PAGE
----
Giles v. Astrue, No. 2:2012cv00025 - Document 30 (D. Utah 2012)

Court Description: MEMORANDUM DECISION - the Commissioner's decision is hereby AFFIRMED. Signed by Magistrate Judge Dustin B. Pead on 12/20/12. (alp)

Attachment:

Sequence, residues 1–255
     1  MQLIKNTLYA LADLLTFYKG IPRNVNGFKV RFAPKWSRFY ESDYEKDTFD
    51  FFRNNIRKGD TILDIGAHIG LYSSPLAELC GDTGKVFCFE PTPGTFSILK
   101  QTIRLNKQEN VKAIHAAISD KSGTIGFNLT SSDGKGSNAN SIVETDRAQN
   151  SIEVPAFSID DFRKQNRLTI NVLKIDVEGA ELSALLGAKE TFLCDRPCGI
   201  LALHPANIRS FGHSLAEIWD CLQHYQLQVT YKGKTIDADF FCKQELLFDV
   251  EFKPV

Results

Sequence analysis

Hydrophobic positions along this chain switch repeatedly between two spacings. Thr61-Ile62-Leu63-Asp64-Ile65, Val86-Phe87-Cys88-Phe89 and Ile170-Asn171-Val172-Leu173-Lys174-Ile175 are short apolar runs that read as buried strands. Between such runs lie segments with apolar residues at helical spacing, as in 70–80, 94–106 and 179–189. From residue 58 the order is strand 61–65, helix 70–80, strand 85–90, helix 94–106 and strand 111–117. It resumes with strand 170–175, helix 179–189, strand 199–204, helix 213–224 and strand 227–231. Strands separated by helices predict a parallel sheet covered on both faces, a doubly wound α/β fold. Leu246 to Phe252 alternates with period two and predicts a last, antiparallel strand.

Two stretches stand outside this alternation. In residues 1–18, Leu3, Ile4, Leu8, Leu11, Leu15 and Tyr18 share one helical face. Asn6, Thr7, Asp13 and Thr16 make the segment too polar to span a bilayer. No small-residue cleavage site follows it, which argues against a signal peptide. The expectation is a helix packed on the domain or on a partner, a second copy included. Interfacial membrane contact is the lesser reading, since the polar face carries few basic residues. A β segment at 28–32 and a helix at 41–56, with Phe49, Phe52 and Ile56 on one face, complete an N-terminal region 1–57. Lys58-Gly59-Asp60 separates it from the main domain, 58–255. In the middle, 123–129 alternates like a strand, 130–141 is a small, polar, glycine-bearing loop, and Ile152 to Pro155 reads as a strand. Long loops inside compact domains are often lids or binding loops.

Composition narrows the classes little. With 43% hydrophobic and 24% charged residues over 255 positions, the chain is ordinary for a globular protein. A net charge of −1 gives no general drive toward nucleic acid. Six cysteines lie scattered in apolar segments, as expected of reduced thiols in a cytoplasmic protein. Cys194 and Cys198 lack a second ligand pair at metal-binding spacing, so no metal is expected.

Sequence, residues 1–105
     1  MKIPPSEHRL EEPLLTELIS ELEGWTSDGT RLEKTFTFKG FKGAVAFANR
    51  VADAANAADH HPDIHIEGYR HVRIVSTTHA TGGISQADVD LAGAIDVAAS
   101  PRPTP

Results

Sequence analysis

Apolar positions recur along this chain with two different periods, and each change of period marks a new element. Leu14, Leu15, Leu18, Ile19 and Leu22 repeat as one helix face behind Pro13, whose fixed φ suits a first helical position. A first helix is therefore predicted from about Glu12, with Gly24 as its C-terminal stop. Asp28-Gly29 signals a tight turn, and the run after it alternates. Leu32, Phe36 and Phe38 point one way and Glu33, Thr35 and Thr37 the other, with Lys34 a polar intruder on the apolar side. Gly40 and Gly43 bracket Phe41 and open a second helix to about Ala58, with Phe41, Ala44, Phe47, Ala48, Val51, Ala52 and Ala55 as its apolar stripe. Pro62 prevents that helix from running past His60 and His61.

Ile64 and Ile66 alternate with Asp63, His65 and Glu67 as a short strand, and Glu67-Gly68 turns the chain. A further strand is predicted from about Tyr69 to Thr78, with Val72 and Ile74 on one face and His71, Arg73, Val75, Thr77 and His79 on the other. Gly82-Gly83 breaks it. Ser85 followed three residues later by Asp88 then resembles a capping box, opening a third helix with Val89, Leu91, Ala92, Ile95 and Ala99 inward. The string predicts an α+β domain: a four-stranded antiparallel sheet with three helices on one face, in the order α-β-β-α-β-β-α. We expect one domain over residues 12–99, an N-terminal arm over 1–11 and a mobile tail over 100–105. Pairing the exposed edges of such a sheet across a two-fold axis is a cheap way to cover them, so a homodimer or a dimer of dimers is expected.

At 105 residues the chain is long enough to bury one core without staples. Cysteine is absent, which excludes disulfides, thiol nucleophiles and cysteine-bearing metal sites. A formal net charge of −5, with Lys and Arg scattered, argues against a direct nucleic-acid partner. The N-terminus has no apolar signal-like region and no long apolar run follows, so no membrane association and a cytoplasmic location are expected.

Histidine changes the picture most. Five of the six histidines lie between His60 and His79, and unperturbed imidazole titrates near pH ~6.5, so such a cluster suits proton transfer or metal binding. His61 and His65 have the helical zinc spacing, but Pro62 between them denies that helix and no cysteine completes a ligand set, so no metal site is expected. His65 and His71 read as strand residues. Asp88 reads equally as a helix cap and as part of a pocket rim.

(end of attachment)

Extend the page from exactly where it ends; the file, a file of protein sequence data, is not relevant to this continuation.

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IN THE UNITED STATES DISTRICT COURT FOR THE DISTRICT OF UTAH NICK S. GILES, Plaintiff, MEMORANDUM DECISION AND ORDER vs. Case No. 2:12-CV-00025-DBP MICHAEL J. ASTRUE, Commissioner of Social Security, Magistrate Judge Dustin B. Pead Defendant. Plaintiff appeals the Commissioner of Social Security s decision denying his claim for Disability Insurance Benefits (DIB) under the Social Security Act (the Act), 42 U.S.C. §§ 401-33. Having considered the parties briefs, the administrative record, the arguments of counsel, and the relevant law, the Court AFFIRMS the Commissioner s decision. PROCEDURAL HISTORY Plaintiff, born in 1972, applied for disability benefits in July 2009, alleging disability since February 2006, due to the residual effects of a self-inflicted gunshot wound to his left lower leg (see, e.g., Tr. 74, 146, 150, 213). His application was denied initially, on reconsideration, and, after an administrative hearing, by an administrative law judge (ALJ) (Tr. 11-19). The Appeals Council denied Plaintiff s request for review (Tr. 1-5), making the ALJ s decision the final decision of the Commissioner for purposes of this Court s review. See 20 C.F.R. § 422.210(a). This appeal followed. STATEMENT OF RELEVANT LAW I. Definition of disability under the Act The Act states that an individual shall be determined to be under a disability only if his physical or mental impairment or impairments are of such severity that he is not only unable to -1- do his previous work but cannot, considering his age, education, and work experience, engage in any other kind of substantial gainful work which exists in the national economy. 42 U.S.C. § 423(d)(2)(A). The disabling impairment must last, or be expected to last, for at least 12 consecutive months. See Barnhart v. Walton, 535 U.S. 212, 214-15 (2002). II. Process for determining disability under the Act To determine whether a claimant is disabled, Social Security regulations set forth a five-step sequential evaluation process. That process requires the adjudicator to consider whether a disability claimant: (1) engaged in substantial gainful activity during the alleged period of disability; (2) had a severe impairment; (3) had a condition that met or medically equaled the severity of a listed impairment; (4) could return to his past relevant work; and, if not, (5) could perform other work in the national economy. See 20 C.F.R. § 404.1520(a)(4). If a decision regarding the claimant s disability can be reached at any step in the sequential evaluation process, further evaluation is unnecessary. See 20 C.F.R. § 404.1520(a)(4). III. Standard of review The Court reviews the Commissioner s decision to determine whether substantial evidence in the record as a whole supports the factual findings and whether the correct legal standards were applied. See Lax v. Astrue, 489 F.3d 1080, 1084 (10th Cir. 2007). Substantial evidence is such relevant evidence as a reasonable mind might accept as adequate to support a conclusion. Id. (internal quotation and citation omitted). The Court may neither reweigh the evidence nor substitute its judgment for that of the ALJ. Id. Where the evidence as a whole can support either the agency s decision or an award of benefits, the agency s decision must be affirmed. See Ellison v. Sullivan, 929 F.2d 534, 536 (10th Cir. 1990). -2- DISCUSSION There is no dispute in this case that Plaintiff s had impairments namely a gunshot wound that resulted in atrophy, denervation, decreased sensation, and a slight limp that significantly, and negatively, impacted his ability to work. Thus, the case turns of the severity of Plaintiff s resultant work-related limitations. See Walton, 535 U.S. at 214-15 (stating claimant must have functional limitations that preclude all work for at least 12 consecutive months). The ALJ found Plaintiff had a number of limitations, just not of the degree Plaintiff alleged given the medical evidence of record, large gaps in treatment, and Plaintiff s activities (Tr. 17-18). Ultimately, the ALJ limited Plaintiff to sedentary work (Tr. 16, Finding 5) and found he could not perform his past work (Tr. 18, Finding 6), but that he was not disabled because there were other (sedentary) jobs existing in significant numbers in the national economy he could perform given his limitations (Tr. 19, Finding 10). Plaintiff disputes the ALJ s weighing of the medical opinion evidence and the ALJ s interpretation of medical expert testimony. For the reasons discussed below, the Court s rejects Plaintiff s arguments and affirms the ALJ s decision. I. The ALJ reasonably discounted the opinion issued by Ms. Steele and Dr. Johnson in November 2010. In November 2010, Sabrina Steele, PA-C, a physician s assistant to Mark Johnson, M.D., completed a functional capacities evaluation form at the request of Plaintiff s attorney (Tr. 263-65). She opined that Plaintiff could not complete a full work week because of his extreme pain, would have several hours of concentration or memory lapses, and would be expected to have 30 absences from work per month (Tr. 263-65). Dr. Johnson signed off on the evaluation form (Tr. 265). The ALJ expressly considered this opinion, but accorded it little weight (Tr. 18). -3- Plaintiff argues that the ALJ erred in discounting the opinion because (1) he attributed the opinion only to Ms. Steele, without recognizing that Dr. Johnson also signed the form (Plaintiff s Brief (Pl. Br.) at 5, 7-8); and (2) he misapplied the regulatory factors for weighing medical opinions (Pl. Br. at 6-8). While the Court sympathizes with Plaintiff s arguments, they are ultimately unpersuasive under substantial evidence review. In assessing the opinions of both physicians and physician assistants, an ALJ considers several factors: the nature of the source s relationship with the claimant, the support the source provides for the opinion, the opinion s consistency with other evidence in the record, the source s medical specialty, and any other factors which tend to support or contradict the opinion. 20 C.F.R. § 404.1527(c) 1 (weighing acceptable medical source testimony); Social Security Ruling (SSR) 06-03p, 2006 WL 2329939, at *3-5 (ALJ should evaluate the opinions of non-acceptable medical sources, like physician assistants, and may use the § 404.1527(c) factors in doing so). The ALJ must explain the weight given to a physician s opinion and give good reasons in the decision for the weight given. See 20 C.F.R. § 404.1527(c)(2); Hamlin v. Barnhart, 365 F.3d 1208, 1215 (10th Cir. 2004). In discounting the November 2010 opinion in this case, the ALJ attributed it only to Ms. Steele and stated she did not have the expertise of other examining doctors (Tr. 18). While this was inaccurate since Dr. Johnson signed off on the opinion (see Tr. 265), the ALJ cited three other reasons for discounting the opinion: The ALJ explained that the opinion was conclusory, inconsistent with the other evidence of record, and based on Plaintiff s subjective complaints 1 Until March 2012 the regulation was cited as 20 C.F.R. § 404.1527(d). In March, the regulation was modified and is now § 404.1527(c). Similarly, the prior § 404.1527(e) is now § 404.1527(d), and the prior § 404.1527(f) is now § 404.1527(e). There was no substantive change. See 77 Fed. Reg. 10,651, 10,656-57 (February 23, 2012). -4- (Tr. 18). As discussed below, these were good reasons supported by substantial evidence for discounting the November 2010 opinion. The ALJ reasonably found the opinion to be conclusory. See 20 C.F.R. § 404.1527(c)(3) ( The more a medical source presents relevant evidence to support an opinion, particularly medical signs and laboratory findings, the more weight we will give that opinion. The better an explanation a source provides for an opinion, the more weight we will give that opinion. ); accord Frey v. Bowen, 816 F.2d 508, 513 (10th Cir. 1987) (a treating physician s report may be rejected, if it is brief, conclusory, and unsupported by medical evidence). Other than stating Plaintiff had a moderately severe impairment w/ one exam showing atrophy of calf and nerve damage (Tr. 263), the remainder of the opinion consisted solely of responses to checkboxes (Tr. 263-65). The opinion did not link Plaintiff s atrophy or nerve damage to such extreme limitations as only being able to sit, stand, or walk for 15 minutes at a time (Tr. 263); being unable to concentrate on or remember work instructions (Tr. 264); or needing to miss 30 days of work per month (Tr. 265). Nor did opinion contain an explanation as to how the diagnosis of a moderately severe impairment produced such extreme limitations (Tr. 264). And Ms. Steele s later treatment notes did not provide an explanation for the opinion, as they mostly documented Plaintiff s subjective complaints and simply noted that Plaintiff had left calf atrophy and a slight limp (Tr. 243-44, 269-74). The ALJ also reasonably found the opinion was not supported in and . . . out of proportion with the objective medical record (Tr. 18). See 20 C.F.R. § 404.1527(c)(4) (stating an ALJ must consider whether an opinion is consistent with the record as a whole); cf. Raymond v. Astrue, 621 F.3d 1269, 1272 (10th Cir. 2009) (ALJ reasonably discounted treating physician opinion which was inconsistent with other medical evidence). For instance, Janet -5- Balbierz, M.D. s testing and examination in 2008 showed a moderately severe tibal nerve injury with ongoing denervation and decreased sensation, but normal motor units, good lower limb strength, and normal reflexes (Tr. 221-22). Similarly, Joseph Nelson, D.O., examined Plaintiff in 2009 and noted he had sensory changes and atrophy, but that he had appropriate strength and the ability to walk on his heels and toes and get on and off of the examination table without difficulty. Dr. Nelson opined that Plaintiff had no limitations, especially when sitting (Tr. 257). The state agency physicians who reviewed the evidence found Plaintiff either did not have a severe physical impairment (Tr. 259-60) or could perform medium work (Tr. 225-32). Furthermore, the evidence showed that, during the time period of his alleged disability, Plaintiff engaged in activities such as lifting a piano, performing chores for two hours each morning, caring for three children, and cooking for the family, and he said he could concentrate indefinitely and shop for an hour each week (Tr. 168-76, 221). See Castellano v. Sec y of Health & Human Servs., 26 F.3d 1027, 1029 (10th Cir. 1994) (claimant s daily activities were a reason for rejecting treating physician s opinion that the claimant was totally disabled). As the ALJ also noted (Tr. 17), Plaintiff did not seek any treatment at all for his allegedly disabling impairments from February 2006 to July 2008 or from November 2008 to September 2010. See generally, e.g., Barnett v. Apfel, 231 F.3d 687, 690 (10th Cir. 2000) (noting a claimant was not treated by her physicians in the nine months preceding the administrative hearing). Accordingly, the ALJ s finding that the November 2010 opinion was inconsistent with the other evidence of record is supported by substantial evidence. Finally, the ALJ explained that the November 2010 opinion was based on Plaintiff s incredible subjective complaints (Tr. 18). See 20 C.F.R. § 404.1527(c)(3) ( The more a medical source presents relevant evidence to support an opinion, particularly medical signs and -6- laboratory findings, the more weight we will give that opinion. ); accord White v. Barnhart, 287 F.3d 903, 907-08 (10th Cir. 2002) (ALJ reasonably discounted a treating physician s opinion which was based on the claimant s subjective assertions rather than objective medical evidence). The ALJ s finding is a natural conclusion of his previous two findings: that the opinion was conclusory (i.e., did not sufficiently explain how the objective medical signs and laboratory findings supported her conclusions) and inconsistent with the rest of the evidence (i.e., was the only opinion to state that Plaintiff was unable to perform at least sedentary work). Rather, the opinion is consistent with Plaintiff s subjective complaints to her during his November 2010 office visit, just one day before Ms. Steele filled out the evaluation (Tr. 270). At that visit, Plaintiff told Ms. Steele that: he was not able to work due to the neuropathy ; [h]e ha[d] to constantly sit down, then stand up and stretch, then walk for a few minutes, then sit back down ; and he has to take several naps per day (Tr. 270). These subjective complaints are reflected directly in the November 2010 evaluation (Tr. 263-65), and Plaintiff did not dispute the ALJ s finding that his subjective complaints were not fully credible (Tr. 17). Since the ALJ cited a number of reasons that were supported by substantial evidence for discounting the November 2010 opinion, the Court must reject Plaintiff s argument the ALJ s failure to attribute the opinion to Dr. Johnson constituted reversible error. The Court must also rejected Plaintiff s argument that the ALJ misapplied the regulatory factors in discounting the opinion. Pl. Br. at 6-8. Plaintiff s arguments regarding the ALJ s application of the factors for evaluating medical opinions ask the Court to reweigh the evidence, which it cannot do under substantial evidence review. See Lax, 489 F.3d at 1084 (explaining that a court may neither reweigh the evidence nor substitute its judgment for that of the ALJ). Moreover, the Tenth Circuit has explicitly rejected Plaintiff s contention that the ALJ is required -7- to articulate and apply each of the factors set forth in 20 C.F.R. § 404.1527(c). See Oldham v. Astrue, 509 F.3d 1254, 1258 (10th Cir. 2007) ( [A]n ALJ s decision [is not required] to apply expressly each of the six relevant factors in deciding what weight to give a medical opinion. ). As discussed, the ALJ cited a number of good reasons supported by substantial evidence for discounting the November 2010 opinion. Thus, his decision should be affirmed. II. The ALJ reasonably interpreted the vocational expert s testimony. Plaintiff argues that the ALJ misinterpreted the medical expert s testimony regarding his pain complaints. Pl. Br. at 8-11. However, the ALJ is the finder of fact, and his interpretation of Dr. Morrison s testimony in this case was a reasonable one (Tr. 18, 81). See generally, Ellison, 929 F.2d at 536 (explaining that where the evidence can support either the agency s decision or an award of benefits, the agency s decision must be affirmed). Thus, the Court finds that the ALJ s decision is supported by substantial evidence and should be affirmed. CONCLUSION Having determined that the Commissioner s decision is supported by substantial evidence and free from legal error, the Commissioner s decision is hereby AFFIRMED. Judgment shall be entered in accordance with Fed. R. Civ. P. 58, consistent with the U.S. Supreme Court s decision in Shalala v. Schaefer, 509 U.S. 292, 296-304 (1993). It is so ordered. Dated this 20th day of December, 2012. _______________________________________ DUSTIN B. PEAD UNITED STATES MAGISTRATE JUDGE -8-